Recombinant zoster (shingles) vaccine, RZV - what you need to know
All content below is taken in its entirety from the CDC Recombinant Shingles Vaccine Information Statement (VIS): www.cdc.gov/vaccines/hcp/vis/vis-statements/shingles-recombinant.html.
CDC review information for Recombinant Shingles VIS:
- Page last reviewed: February 12, 2018
- Page last updated: February 12, 2018
- Issue date of VIS: February 12, 2018
Content source: National Center for Immunization and Respiratory Diseases
Why get vaccinated?
Shingles (also called herpes zoster, or just zoster) is a painful skin rash, often with blisters. Shingles is caused by the varicella zoster virus, the same virus that causes chickenpox. After you have chickenpox, the virus stays in your body and can cause shingles later in life.
You can't catch shingles from another person. However, a person who has never had chickenpox (or chickenpox vaccine) could get chickenpox from someone with shingles.
A shingles rash usually appears on one side of the face or body and heals within 2 to 4 weeks. Its main symptom is pain, which can be severe. Other symptoms can include fever, headache, chills, and upset stomach. Very rarely, a shingles infection can lead to pneumonia, hearing problems, blindness, brain inflammation (encephalitis), or death.
For about 1 person in 5, severe pain can continue even long after the rash has cleared up. This long-lasting pain is called post-herpetic neuralgia (PHN).
Shingles is far more common in people 50 years of age and older than in younger people, and the risk increases with age. It is also more common in people whose immune system is weakened because of a disease such as cancer, or by drugs such as steroids or chemotherapy.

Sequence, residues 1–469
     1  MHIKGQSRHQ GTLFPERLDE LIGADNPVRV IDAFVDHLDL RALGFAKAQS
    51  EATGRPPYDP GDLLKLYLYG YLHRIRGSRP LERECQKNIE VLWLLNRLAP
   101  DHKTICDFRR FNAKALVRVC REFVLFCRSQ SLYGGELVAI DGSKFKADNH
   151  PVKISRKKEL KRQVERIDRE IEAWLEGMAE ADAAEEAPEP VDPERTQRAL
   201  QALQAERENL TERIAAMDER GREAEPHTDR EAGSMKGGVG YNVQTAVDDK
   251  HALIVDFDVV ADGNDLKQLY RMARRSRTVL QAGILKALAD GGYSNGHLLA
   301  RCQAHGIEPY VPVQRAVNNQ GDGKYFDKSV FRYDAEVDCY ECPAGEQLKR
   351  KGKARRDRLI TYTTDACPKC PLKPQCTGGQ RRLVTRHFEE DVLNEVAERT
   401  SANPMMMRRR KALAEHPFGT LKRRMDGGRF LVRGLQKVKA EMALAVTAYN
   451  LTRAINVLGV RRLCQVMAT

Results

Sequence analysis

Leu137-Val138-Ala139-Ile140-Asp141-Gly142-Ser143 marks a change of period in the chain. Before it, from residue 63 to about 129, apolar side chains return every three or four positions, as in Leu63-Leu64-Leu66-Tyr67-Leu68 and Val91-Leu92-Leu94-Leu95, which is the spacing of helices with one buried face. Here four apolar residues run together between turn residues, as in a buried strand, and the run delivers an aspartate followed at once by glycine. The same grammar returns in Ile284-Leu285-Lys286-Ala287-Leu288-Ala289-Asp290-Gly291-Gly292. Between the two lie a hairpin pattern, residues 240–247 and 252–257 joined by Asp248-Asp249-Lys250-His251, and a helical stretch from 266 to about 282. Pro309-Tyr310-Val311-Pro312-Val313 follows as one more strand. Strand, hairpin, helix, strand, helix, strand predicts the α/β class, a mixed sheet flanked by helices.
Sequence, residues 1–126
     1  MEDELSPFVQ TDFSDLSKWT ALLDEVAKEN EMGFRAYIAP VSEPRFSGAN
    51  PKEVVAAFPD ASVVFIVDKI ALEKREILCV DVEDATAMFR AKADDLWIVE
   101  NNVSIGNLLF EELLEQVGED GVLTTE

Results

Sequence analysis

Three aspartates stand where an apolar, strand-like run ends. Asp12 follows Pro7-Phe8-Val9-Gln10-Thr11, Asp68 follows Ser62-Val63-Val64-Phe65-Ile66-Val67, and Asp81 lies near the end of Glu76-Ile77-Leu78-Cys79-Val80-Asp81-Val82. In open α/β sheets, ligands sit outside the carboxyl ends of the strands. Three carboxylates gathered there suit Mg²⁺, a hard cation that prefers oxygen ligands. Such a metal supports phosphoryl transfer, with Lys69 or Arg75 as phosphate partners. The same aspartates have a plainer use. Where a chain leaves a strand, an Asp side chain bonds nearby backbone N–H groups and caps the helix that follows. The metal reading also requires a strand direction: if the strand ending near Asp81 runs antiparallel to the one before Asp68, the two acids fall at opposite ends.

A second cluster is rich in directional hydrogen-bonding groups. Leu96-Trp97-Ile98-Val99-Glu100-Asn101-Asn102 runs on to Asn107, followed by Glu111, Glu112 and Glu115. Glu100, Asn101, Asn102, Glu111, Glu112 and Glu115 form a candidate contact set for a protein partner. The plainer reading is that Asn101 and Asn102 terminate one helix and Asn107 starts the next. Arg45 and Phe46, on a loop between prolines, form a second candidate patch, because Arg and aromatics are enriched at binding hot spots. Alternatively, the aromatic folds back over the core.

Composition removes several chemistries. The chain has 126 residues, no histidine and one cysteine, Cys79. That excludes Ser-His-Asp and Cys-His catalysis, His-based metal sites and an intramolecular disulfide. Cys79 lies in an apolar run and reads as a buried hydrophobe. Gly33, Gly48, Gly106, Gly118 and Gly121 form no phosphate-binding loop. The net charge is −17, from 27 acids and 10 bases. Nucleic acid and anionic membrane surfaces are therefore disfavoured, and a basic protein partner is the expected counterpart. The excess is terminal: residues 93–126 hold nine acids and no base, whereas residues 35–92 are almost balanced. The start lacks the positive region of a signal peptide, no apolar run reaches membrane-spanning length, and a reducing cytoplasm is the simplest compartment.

At least 1 million people a year in the United States get shingles.
Shingles vaccine (recombinant)
Recombinant shingles vaccine was approved by FDA in 2017 for the prevention of shingles. In clinical trials, it was more than 90% effective in preventing shingles. It can also reduce the likelihood of PHN.
Two doses, 2 to 6 months apart, are recommended for adults 50 and older.
This vaccine is also recommended for people who have already gotten the live shingles vaccine (Zostavax). There is no live virus in this vaccine.
Some people should not get this vaccine
Tell your vaccine provider if you:
- Have any severe, life-threatening allergies. A person who has ever had a life-threatening allergic reaction after a dose of recombinant shingles vaccine, or has a severe allergy to any component of this vaccine, may be advised not to be vaccinated. Ask your health care provider if you want information about vaccine components.
- Are pregnant or breastfeeding. There is not much information about use of recombinant shingles vaccine in pregnant or nursing women. Your healthcare provider might recommend delaying vaccination.
- Are not feeling well. If you have a mild illness, such as a cold, you can probably get the vaccine today. If you are moderately or severely ill, you should probably wait until you recover. Your doctor can advise you.
Risks of a vaccine reaction
With any medicine, including vaccines, there is a chance of reactions.